In our previous post, we discussed the process of discharging federal income tax debt in a Chapter 7 bankruptcy. As we saw, those with federal tax debt are indeed able to discharge their obligation, although certain requirements must be met. In this post, we will continue with a related topic: the essentials of Chapter 7 bankruptcy. Readers should keep in mind that this topic can be explored in greater detail than we will present here. Our goal now is merely to give an introduction to this process.
Chapter 7: Debt Forgiveness
Chapter 7 bankruptcy is the type of bankruptcy most commonly preferred by debtors. In fact, when most people think of a “bankruptcy,” this is the type they typically think about. In a sense, you could describe a Chapter 7 as the “default” type. Chapter 7 bankruptcy allows you to discharge qualified debts, which means that these debts will be forgiven entirely. Most types of debt may be included in a bankruptcy; however, there are notable exceptions, such as student loan debt. In some cases, however, it is possible to include student loan debt. The eligibility requirements for Chapter 7 are straightforward: you qualify if you earn less than your state’s median income, and you haven’t filed for Chapter 7 in the past 8 years. If you make more than the state’s median income, you may still be eligible, but you must show that your income won’t allow for a Chapter 13 repayment plan.
The entire Chapter 7 bankruptcy process can be completed in as little as 4 to 6 months. Along with your bankruptcy petition forms, you will need to pay a filing fee of $338. When you submit your petition paperwork, you will need to include information about a variety of things, such as your property, your debts, your exempt property, current income, monthly living expenses, and so forth.
Process: Automatic Stay, Trustee, Creditors Meeting & Discharge
Immediately after you file, you will be granted an “automatic stay,” which means that your creditors are legally barred from attempting to collect your debts. This stay takes effect for the duration of the bankruptcy. Next, you will be assigned a bankruptcy trustee, which is the person who will examine your case and make numerous determinations, such as determining which assets can be sold off to creditors.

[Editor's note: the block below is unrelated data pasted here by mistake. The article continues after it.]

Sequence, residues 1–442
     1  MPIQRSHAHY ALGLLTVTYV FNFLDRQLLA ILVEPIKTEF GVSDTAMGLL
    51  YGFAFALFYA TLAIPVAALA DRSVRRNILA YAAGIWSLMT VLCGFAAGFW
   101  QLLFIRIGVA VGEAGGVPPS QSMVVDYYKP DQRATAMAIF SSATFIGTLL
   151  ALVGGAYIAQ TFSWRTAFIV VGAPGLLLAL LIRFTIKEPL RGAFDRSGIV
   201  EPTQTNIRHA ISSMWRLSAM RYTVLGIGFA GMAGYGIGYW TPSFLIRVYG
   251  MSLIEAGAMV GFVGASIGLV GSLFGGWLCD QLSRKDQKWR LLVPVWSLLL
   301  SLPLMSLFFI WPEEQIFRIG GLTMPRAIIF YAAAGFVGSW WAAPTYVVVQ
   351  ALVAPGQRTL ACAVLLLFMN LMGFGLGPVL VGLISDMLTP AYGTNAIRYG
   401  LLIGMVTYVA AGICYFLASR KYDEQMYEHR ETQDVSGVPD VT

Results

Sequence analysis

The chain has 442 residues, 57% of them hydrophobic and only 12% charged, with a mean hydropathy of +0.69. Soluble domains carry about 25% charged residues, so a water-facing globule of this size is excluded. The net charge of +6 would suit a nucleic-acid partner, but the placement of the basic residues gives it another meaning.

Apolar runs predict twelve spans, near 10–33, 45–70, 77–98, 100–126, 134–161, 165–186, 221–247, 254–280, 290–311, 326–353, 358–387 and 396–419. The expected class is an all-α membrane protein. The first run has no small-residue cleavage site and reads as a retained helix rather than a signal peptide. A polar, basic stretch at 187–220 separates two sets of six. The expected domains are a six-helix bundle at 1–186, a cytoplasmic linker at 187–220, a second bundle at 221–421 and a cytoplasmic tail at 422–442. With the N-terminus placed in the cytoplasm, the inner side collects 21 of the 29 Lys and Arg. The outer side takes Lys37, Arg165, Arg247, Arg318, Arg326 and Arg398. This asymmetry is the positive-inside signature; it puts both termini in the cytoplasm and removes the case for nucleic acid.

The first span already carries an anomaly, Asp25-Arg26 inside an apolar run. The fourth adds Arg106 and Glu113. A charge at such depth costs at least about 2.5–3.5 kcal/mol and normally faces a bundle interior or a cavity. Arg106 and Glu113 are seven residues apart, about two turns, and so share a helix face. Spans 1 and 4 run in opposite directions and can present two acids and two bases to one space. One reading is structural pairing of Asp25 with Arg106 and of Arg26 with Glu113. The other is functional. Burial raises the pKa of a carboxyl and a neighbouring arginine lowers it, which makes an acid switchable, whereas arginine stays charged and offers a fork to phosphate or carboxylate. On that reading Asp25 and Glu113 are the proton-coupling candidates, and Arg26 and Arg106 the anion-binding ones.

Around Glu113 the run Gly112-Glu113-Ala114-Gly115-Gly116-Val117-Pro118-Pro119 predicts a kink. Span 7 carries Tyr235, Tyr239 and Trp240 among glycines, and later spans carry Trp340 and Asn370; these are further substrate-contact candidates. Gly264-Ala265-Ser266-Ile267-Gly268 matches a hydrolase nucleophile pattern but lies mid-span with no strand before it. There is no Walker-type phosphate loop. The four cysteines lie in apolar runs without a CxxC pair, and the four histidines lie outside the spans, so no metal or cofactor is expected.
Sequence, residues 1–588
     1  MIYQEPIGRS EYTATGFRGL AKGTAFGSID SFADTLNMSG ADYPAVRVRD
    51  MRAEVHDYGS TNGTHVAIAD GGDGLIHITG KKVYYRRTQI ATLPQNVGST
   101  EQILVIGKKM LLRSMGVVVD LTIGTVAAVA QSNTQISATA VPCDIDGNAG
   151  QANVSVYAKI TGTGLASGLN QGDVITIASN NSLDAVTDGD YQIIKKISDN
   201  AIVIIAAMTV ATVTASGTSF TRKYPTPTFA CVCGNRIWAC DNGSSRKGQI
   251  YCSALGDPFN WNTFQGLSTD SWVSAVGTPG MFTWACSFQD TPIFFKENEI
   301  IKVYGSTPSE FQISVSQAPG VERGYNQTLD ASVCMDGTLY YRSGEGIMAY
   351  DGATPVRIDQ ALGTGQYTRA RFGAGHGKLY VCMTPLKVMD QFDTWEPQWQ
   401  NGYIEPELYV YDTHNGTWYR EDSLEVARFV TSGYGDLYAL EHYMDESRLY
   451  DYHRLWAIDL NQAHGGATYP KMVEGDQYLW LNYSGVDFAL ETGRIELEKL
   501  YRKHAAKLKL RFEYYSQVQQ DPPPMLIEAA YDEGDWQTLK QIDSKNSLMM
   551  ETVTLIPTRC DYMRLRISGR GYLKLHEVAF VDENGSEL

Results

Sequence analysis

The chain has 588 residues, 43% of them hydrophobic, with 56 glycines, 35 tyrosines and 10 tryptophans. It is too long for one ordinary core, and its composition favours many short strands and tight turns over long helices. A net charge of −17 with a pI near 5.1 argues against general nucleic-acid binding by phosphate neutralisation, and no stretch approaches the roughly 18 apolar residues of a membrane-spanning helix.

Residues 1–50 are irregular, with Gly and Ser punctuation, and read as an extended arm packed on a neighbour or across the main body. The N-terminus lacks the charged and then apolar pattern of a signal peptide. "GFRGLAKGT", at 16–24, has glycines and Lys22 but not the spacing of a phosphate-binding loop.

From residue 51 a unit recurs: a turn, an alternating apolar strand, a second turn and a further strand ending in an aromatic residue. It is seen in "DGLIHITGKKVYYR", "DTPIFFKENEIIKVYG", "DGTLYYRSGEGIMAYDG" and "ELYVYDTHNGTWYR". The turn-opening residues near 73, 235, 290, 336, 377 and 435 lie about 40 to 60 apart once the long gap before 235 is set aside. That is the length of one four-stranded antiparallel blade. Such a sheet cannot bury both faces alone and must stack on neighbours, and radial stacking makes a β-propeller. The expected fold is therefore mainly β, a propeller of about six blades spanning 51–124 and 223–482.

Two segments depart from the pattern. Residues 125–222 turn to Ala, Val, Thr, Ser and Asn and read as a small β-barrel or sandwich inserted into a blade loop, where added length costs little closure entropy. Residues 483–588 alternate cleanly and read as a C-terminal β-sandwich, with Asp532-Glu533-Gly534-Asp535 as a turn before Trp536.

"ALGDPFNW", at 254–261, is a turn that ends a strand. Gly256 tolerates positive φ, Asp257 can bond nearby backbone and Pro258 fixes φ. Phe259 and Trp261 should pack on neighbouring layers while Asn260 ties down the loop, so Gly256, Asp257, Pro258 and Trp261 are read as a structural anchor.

You will then receive a notice about your creditors’ meeting (a “341 meeting”). Your creditors’ meeting provides your creditors with an opportunity to make statements regarding your case. It’s also an opportunity for your trustee to ask you questions about the paperwork you submitted. In the majority of cases, creditors’ meetings last only a few minutes, and typically no creditors actually show up to make statements.
In the majority of cases, those filing for bankruptcy don’t lose any property. Most of the time, trustees determine that selling off the petitioner’s property will yield little income with which to pay off creditors. However, in some cases, if a petitioner has nonexempt property of value, it may be seized and liquidated in order to partially satisfy your debt. If you have secured debts, such as a car loan, you may have the option of voluntarily surrendering your property, or keeping the property. In some cases, if you have sufficient equity, secured property may be seized and sold.
Ultimately, after all steps are completed, you will receive a notice indicating that your debts have been discharged. Again, keep in mind that some debts cannot ordinarily be wiped out, including student loans, child support, certain tax debts (i.e. property taxes), and so forth.
Contact Financial Freedom Advocates for More Info
In our next post, we will provide an overview of Chapter 13 bankruptcy. For now, if you’d like to learn more, contact Financial Freedom Advocates today by calling 786-668-6688.